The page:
Book Royalties 101: Are you keeping 100% of yours, or is your publisher getting all the money?
You’ve probably heard the term “book royalty” get tossed around a lot in publishing. But what does it really mean?To put it simply: a book royalty is the amount that a publisher pays an Author for the rights to publish their book. While simple in concept, this can bring up a host of other questions for first-time Authors:
- Do Authors start earning royalties right away?
- How much can you earn as an Author?
- What’s the typical profit margin on a nonfiction book?
What Is a Book Royalty? Traditional Publishing vs Self-Publishing
Traditionally, a book royalty is the amount that a publisher pays an Author in exchange for the rights to publish their book.
Royalties are calculated as a percentage of book sales. For example, an author might earn 7.5% royalties on every paperback sold and 25% on every eBook sold.
Royalties are typically found in traditional publishing, where Authors sell the rights to their book to a publisher. In self-publishing, “royalties” don’t technically exist the same way, because the Author sets the prices and decides on their own profit margin.
How Traditional Publishers Might Be Limiting Your Potential
Even though they’re a common way for Authors to make money, royalties don’t always work in an Author’s best interest. That’s because a royalty-based financial model forces publishers to focus entirely on book sales.
Authors have plenty of ways to make money, aside from selling their book. They can give talks, find new clients, consult, launch a product, become a coach, or build a personal brand. Of course, it’s great to have a book that sells a million copies, but that’s an extremely rare event.
For traditional publishers, royalties are the only way to earn money. It doesn’t matter if an Author gives 50 talks per year to packed rooms of thousands; If those talks don’t translate to direct book sales, they have no value for a traditional publisher.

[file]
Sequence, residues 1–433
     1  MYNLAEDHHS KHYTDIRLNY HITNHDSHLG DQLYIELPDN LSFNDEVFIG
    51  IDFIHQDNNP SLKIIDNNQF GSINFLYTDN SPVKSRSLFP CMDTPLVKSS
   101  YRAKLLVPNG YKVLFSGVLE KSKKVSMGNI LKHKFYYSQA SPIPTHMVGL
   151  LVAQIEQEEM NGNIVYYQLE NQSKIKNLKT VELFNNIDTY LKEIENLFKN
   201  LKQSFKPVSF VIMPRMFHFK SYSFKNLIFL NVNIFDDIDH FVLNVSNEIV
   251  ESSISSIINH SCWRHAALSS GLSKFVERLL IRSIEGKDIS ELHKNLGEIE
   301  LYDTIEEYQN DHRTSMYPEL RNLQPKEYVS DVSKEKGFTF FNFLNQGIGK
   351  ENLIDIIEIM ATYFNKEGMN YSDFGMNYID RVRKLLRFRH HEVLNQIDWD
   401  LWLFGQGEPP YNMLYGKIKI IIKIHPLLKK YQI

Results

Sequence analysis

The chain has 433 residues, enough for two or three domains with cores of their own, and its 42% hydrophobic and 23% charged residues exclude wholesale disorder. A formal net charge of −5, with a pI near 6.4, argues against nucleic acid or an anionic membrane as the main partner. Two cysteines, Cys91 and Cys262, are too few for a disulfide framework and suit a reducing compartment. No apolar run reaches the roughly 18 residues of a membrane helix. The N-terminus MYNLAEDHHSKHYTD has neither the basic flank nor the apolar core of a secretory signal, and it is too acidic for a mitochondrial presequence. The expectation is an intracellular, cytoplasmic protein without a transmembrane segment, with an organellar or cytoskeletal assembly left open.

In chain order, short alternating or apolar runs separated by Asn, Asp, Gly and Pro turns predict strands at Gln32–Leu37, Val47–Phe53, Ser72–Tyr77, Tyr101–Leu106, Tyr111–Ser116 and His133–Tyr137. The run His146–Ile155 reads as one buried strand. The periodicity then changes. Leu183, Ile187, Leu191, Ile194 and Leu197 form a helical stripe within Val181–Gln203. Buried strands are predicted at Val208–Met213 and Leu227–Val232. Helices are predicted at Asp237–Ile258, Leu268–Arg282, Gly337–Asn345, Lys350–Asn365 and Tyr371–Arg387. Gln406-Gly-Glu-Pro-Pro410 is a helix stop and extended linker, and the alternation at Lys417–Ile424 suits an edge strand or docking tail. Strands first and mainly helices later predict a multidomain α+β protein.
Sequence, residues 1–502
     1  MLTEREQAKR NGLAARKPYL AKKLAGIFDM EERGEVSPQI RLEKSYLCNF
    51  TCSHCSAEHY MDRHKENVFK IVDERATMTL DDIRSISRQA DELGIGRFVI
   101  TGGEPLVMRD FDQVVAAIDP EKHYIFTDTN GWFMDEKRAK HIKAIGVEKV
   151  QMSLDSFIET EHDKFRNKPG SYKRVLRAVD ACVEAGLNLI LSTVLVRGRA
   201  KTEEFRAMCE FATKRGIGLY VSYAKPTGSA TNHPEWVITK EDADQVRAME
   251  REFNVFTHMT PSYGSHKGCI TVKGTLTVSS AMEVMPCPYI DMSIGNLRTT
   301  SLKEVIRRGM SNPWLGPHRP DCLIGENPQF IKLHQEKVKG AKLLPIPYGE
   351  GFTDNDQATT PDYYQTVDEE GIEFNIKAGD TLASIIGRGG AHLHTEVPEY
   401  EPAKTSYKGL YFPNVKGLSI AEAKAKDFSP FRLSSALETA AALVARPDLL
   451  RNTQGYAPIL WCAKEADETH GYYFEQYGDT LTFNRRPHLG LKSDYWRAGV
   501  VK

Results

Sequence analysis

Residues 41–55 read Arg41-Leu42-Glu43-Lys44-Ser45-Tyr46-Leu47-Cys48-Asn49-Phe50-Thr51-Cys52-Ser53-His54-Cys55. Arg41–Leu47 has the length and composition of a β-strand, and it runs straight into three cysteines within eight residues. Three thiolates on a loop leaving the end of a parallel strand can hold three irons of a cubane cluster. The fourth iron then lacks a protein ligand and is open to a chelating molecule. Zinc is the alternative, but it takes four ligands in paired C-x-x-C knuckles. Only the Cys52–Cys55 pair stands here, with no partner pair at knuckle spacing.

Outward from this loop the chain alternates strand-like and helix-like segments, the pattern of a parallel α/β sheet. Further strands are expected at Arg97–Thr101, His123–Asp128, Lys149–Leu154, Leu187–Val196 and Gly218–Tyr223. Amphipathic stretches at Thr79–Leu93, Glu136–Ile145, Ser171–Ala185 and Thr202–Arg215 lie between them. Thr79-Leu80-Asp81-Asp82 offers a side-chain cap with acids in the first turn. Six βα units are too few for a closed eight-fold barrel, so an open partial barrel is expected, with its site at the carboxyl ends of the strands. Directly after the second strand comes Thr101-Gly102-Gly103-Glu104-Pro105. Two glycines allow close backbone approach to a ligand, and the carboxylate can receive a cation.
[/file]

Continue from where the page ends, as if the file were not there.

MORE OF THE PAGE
It’s unfortunate, but the royalties model forces publishers into a short-sighted focus when it comes to Authors and the power of books. They only buy books that they think will sell in large numbers, and they have to market them to the largest audience possible.
In the long run, that narrow focus can be an obstacle for Authors who want to use their book to expand their personal brand or achieve other goals.
Amazon’s Self-Publishing “Royalties”
When you self-publish, you keep the rights to your works. That means, technically, Amazon’s payments aren’t “royalties,” even though that’s what Kindle Direct Publishing (KDP) calls them.
In self-publishing, the author is given a royalty rate based upon the self-publishing platform that the author uses to publish the book. Book royalty rates on self-publishing platforms are typically standard and consistent for all authors, and will typically only vary depending on the type of book (ex: eBook, print, hardcover). When you self-publish through Amazon’s Kindle Direct Publishing, royalties are paid out monthly, approximately 60 days after the end of the month in which the royalties are earned. See the Amazon Royalties page for more information.
You have two royalties options for KDP eBooks: 35% or 70%. The choice for higher royalties might seem obvious, but there are some stipulations involved, like pricing and geographical availability. You also have the offer to enroll your book in the KDP Select program, which offers a different royalty structure altogether.
No matter which royalties plan you choose, here’s an important point: Authors on KDP keep complete control over their book’s price and promotions. You have the right to use the book however you want to.
At the end of the day, your book should be working for you, not the other way around. Pick a publisher that lets you keep 100% of your royalties!
Elite Online Publishing takes absolutely nothing from your book sales! All you have to worry about is the print cost and the small amount that Amazon charges to produce and sell your books. On Amazon, authors receive 60% of their royalties.